Sunday, July 23, 2017

Model Law for guardianship restricts guardian rights to act on behalf of incapacitated individuals: Part 1

The Uniform Law Commission (ULC) proposes model laws that promote consistency and uniformity in certain areas of the law among the states. A ULC committee on the “Guardianship, Conservatorship, and Other Protective Arrangements Act” has drafted a model guardianship law that, if approved by the Commission, would recommend to states extensive changes in guardianship procedures.

The proposed law embraces a controversial movement that has emerged in recent years to limit the use of guardianship and to replace it with alternatives to “substitute” decision making. Substitute decision-making occurs when a person lacks the capacity to make or communicate decisions on their own behalf, in some or all aspects of their lives, and a guardian is appointed by a state court with authority to make those decisions. Supported Decision-Making (SDM) for individuals with intellectual and developmental disabilities (I/DD) and other disabilities, promotes the idea that an informal network of advisors should be made available to the individual for support and that guardianship should be avoided at all costs. Proponents of SDM believe that all persons with disabilities, with almost no exceptions, have the ability to make decisions for themselves when given the support they need to do so.

[Read more about the Uniform Law Commission and Guardianship vs. Supported Decision-Making. Here is the draft of the proposed guardianship law.]

VOR, a national non-profit organization advocating for high quality care and human rights for people with intellectual and developmental disabilities, has submitted comments to the ULC committee on guardianship. The comments are the work of the VOR Issues Oversight Committee of which I am a member.

The Comments consist of a letter to David English, the chair of the ULC guardianship committee (Part 1) followed by specific comments on the text of the draft model guardianship law (Part 2). 


Letter to David English, the chair of the Committee on Guardianship, Conservatorship, and Other Protective Arrangements Act

Dear Mr. English:

VOR is a national advocacy organization working to protect high quality care and the human rights of all individuals with intellectual and developmental disabilities (I/DD). We support a full range of services and residential options to meet the needs of this diverse population.

VOR’s membership consists of family members and guardians of individuals with intellectual and developmental disabilities (I/DD). We understand the importance of families and guardians in helping to ensure that individuals with I/DD have choices available to them that optimize needed services and supports and honor their unique personhood.

VOR has a responsibility to its members to advocate for guardianship policies and procedures that protect the health and safety of people with I/DD and respect their civil rights. We understand that the ULC Committee on Uniform Guardianship, Conservatorship, and Other Protective Arrangements Act, chaired by David M. English, JD, is finalizing its model act. We also understand that, Uniform Acts are model statutes produced by nongovernmental bodies that may become law if they are independently adopted, in whole or in part, by state legislatures. Because of the potentially broad affect of this Act on guardianship policy, VOR is concerned with some of the proposed changes.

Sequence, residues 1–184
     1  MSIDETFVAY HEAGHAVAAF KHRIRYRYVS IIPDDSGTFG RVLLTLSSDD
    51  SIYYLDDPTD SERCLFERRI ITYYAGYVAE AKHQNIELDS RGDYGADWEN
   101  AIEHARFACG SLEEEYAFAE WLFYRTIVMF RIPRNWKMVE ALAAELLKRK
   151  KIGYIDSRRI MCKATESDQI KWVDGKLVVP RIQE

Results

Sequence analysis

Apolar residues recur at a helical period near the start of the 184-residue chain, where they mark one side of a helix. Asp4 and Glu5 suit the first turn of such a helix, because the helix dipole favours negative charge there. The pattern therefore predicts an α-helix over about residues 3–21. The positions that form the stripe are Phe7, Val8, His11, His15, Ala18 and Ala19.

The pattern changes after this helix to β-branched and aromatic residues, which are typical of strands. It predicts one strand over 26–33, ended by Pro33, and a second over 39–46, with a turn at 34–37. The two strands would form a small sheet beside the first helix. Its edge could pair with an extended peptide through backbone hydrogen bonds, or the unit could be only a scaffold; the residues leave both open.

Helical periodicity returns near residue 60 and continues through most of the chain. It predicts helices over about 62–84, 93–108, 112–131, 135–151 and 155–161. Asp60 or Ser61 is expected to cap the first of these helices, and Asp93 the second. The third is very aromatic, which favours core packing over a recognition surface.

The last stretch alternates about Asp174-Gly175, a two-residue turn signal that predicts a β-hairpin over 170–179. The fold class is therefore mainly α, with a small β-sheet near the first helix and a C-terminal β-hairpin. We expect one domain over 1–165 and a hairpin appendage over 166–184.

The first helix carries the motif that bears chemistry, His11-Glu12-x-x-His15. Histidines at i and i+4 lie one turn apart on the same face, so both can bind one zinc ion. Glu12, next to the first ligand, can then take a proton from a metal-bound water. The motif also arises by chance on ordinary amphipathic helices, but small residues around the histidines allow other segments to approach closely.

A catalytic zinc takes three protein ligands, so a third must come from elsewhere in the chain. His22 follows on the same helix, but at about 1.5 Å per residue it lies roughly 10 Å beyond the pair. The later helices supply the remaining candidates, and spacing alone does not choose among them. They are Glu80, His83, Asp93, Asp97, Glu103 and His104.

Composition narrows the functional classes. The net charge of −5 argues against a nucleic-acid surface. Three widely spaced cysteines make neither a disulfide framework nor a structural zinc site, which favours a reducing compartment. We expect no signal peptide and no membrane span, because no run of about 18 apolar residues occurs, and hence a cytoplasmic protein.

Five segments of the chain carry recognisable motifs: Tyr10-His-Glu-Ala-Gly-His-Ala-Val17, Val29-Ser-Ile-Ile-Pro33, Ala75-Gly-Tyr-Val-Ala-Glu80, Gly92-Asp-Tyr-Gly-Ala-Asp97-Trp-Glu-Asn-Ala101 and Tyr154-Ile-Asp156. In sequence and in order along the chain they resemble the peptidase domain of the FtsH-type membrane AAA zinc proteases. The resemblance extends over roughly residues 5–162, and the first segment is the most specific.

Specifically, we are concerned with changes that would incorporate the principles of “Supported Decision-Making” (SDM) into guardianship law and promote its use as a substitute for guardianship. SDM, as it is promoted by organizations that receive funding from the federal Administration for Community Living, is based on a belief that everyone with a disability can make his or her own decisions with almost no exceptions. Our families know better from their experiences of living with disabled family members who have complex cognitive, physical, and behavioral disabilities. Some function at the level of infants or young children or have intellectual and behavioral disabilities that prevent them from understanding the ramifications of their decisions. Although some people with less severe intellectual disabilities may find that SDM gives them the tools they need to make decisions, there are others who do not recognize or appreciate risky or dangerous situations and need guardianship to prevent them from being harmed by the consequences of their decisions.

Although SDM is meant to be an alternative to substitute decision-making, we believe that SDM is another form of substitute decision making, but without the accountability of guardianship. These concerns are outlined in VOR’s attached Position Paper on Guardianship and Supported Decision-making.

We are providing comments on the “Guardianship, Conservatorship, and Other Protective Arrangements Act.” VOR members who serve as guardians for their intellectually disabled family members consider guardianship to be an honor, a privilege, and a labor of love. Our members are representative of the people who must live up to and implement the standards and policies of this proposed model law, and as such, our input is crucial to help ensure that the model legislation reflects the real world demands and needs of individuals with intellectual disabilities in relation to guardianship. We welcome your sincere consideration of our comments and look forward to your response.


Caroline Lahrmann
VOR President

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